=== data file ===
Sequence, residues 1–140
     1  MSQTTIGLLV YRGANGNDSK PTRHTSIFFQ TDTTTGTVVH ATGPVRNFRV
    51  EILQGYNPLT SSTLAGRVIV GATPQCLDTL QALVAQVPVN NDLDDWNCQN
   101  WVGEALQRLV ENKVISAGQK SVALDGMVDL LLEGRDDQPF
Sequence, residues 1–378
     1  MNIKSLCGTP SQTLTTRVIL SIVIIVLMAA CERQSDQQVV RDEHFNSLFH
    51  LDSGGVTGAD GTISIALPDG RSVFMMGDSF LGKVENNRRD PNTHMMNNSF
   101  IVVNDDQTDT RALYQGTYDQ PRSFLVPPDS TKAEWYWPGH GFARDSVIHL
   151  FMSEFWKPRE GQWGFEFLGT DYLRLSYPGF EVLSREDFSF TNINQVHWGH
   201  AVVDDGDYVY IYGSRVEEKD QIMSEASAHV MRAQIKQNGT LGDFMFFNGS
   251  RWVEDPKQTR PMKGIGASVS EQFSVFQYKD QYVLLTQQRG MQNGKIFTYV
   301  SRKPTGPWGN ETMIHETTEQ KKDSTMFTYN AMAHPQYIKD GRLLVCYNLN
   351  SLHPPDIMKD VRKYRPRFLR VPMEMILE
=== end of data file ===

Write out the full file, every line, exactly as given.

Sequence, residues 1–140
     1  MSQTTIGLLV YRGANGNDSK PTRHTSIFFQ TDTTTGTVVH ATGPVRNFRV
    51  EILQGYNPLT SSTLAGRVIV GATPQCLDTL QALVAQVPVN NDLDDWNCQN
   101  WVGEALQRLV ENKVISAGQK SVALDGMVDL LLEGRDDQPF
Sequence, residues 1–378
     1  MNIKSLCGTP SQTLTTRVIL SIVIIVLMAA CERQSDQQVV RDEHFNSLFH
    51  LDSGGVTGAD GTISIALPDG RSVFMMGDSF LGKVENNRRD PNTHMMNNSF
   101  IVVNDDQTDT RALYQGTYDQ PRSFLVPPDS TKAEWYWPGH GFARDSVIHL
   151  FMSEFWKPRE GQWGFEFLGT DYLRLSYPGF EVLSREDFSF TNINQVHWGH
   201  AVVDDGDYVY IYGSRVEEKD QIMSEASAHV MRAQIKQNGT LGDFMFFNGS
   251  RWVEDPKQTR PMKGIGASVS EQFSVFQYKD QYVLLTQQRG MQNGKIFTYV
   301  SRKPTGPWGN ETMIHETTEQ KKDSTMFTYN AMAHPQYIKD GRLLVCYNLN
   351  SLHPPDIMKD VRKYRPRFLR VPMEMILE